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531005 tn?1286519132

23m iso GERD NERD

Hello everyone!  

I was recently diagnosed with GERD, Gastro Reflux Disease.  Since then I've had a rough time coping with it, and have been searching for answers from both doctors, and people who have it.

Doctors tell me it's not curable, but people(who had it) tell me it goes away after a while.  I have read that you may take meds for it for a while, and stop after you've made some lifestyle changes.

Does GERD go away with time with lifestyle changes?
Does GERD go away with time without any lifestyle changes in some people?

P.S.  Is the heart actually being damaged during heartburn?
2 Responses
Avatar universal
While GERD is not curable, per se, there are a lot of things you can do to cope with the condition. Most importantly, adhering to a GERD diet (you can find examples on the web), losing weight, lowering stress levels, laughing a lot, eating more low-fat proteins, and exercising will all help control the condition, in essence (though not in fact) making it "go away". For a short while, however, you may have to take medications such as H2-inhibitors (Zantac, Pepcid) or Proton Pump Inhibitors (PPIs, like Nexium or Prilosec). You may also want to visit a holistic practitioner: there have been a lot of good results using techniques like acupuncture to help control the condition. Finally, if none of that works for you, you can consider surgery for the condition. There are various procedures available, though none guarantees a solution to the problem.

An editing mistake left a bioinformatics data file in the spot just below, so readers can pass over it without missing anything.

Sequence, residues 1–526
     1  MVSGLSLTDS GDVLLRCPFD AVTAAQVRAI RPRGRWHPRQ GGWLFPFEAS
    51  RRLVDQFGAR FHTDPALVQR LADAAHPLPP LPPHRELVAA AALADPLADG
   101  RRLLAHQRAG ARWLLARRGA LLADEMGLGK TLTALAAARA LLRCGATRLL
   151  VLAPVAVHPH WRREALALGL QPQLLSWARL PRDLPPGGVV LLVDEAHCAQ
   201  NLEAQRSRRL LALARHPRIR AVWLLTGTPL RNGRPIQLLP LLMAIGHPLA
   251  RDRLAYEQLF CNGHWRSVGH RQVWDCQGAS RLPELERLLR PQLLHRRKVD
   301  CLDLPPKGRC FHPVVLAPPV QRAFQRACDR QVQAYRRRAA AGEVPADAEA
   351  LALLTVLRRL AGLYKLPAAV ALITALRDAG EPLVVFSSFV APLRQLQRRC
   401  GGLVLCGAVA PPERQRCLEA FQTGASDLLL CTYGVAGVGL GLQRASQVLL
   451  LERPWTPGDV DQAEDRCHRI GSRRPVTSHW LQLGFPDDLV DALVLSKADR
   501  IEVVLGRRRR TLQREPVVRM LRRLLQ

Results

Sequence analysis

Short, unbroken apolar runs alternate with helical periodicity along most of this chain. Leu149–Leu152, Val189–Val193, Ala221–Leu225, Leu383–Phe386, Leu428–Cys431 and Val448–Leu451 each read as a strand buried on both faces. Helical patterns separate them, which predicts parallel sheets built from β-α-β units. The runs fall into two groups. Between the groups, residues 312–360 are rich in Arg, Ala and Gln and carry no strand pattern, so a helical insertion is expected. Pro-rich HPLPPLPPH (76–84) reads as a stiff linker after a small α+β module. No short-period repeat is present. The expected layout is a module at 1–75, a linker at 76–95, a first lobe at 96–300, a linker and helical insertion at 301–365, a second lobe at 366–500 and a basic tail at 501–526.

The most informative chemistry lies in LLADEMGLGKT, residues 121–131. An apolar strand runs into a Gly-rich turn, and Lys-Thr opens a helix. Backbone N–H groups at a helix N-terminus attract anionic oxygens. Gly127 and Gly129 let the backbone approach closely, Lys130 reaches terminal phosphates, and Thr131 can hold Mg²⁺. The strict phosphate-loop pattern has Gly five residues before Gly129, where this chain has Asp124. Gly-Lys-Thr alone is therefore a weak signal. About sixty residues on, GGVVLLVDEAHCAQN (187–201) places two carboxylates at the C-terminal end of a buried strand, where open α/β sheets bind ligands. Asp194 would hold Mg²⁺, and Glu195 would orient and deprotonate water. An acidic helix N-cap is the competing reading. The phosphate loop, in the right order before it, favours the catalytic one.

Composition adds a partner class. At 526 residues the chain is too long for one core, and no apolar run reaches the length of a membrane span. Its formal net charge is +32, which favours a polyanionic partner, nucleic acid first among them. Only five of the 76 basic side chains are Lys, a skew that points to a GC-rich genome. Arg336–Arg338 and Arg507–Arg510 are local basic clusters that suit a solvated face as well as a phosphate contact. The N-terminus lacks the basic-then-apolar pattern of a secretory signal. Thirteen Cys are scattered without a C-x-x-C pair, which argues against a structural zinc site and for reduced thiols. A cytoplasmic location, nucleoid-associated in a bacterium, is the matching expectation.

The heart is not actually being damaged by heartburn. A more accurate term is "acid reflux" because acid is refluxing into the esophagus. When it causes damage to the esophageal lining, you get "heartburn."

Note that uncontrolled GERD causes a lot of damage to the esophagus over time, and if left uncontrolled can lead to conditions such as Barrett's Esophagus, strictures, and esophageal cancer, so it's best it be controlled.

P.S.
NERD is also known as "Non-erosive reflux disease", and it's when someone complains of GERD symptoms without any actual acid damage to the esophagus.
531005 tn?1286519132
Now, I'm afraid.

You see, I tend to eat a lot of foods that have been known to prevent or reduce the risk of certain diseases/cancers.  For example, I drink one cup of coffee a day, and a glass a wine a week.  Coffee lowers the risk of prostate cancer.  Wine is for the heart.  I eat wheat bread, which is high in fiber so that I speed up digestion in the large intestine to prevent colon cancer.  

But now I can't eat any of these things because they're not good for my GERD.  And if I don't take care of my GERD it could lead to esophageal cancer.  So I'm damned if I do, and damned if I don't.  
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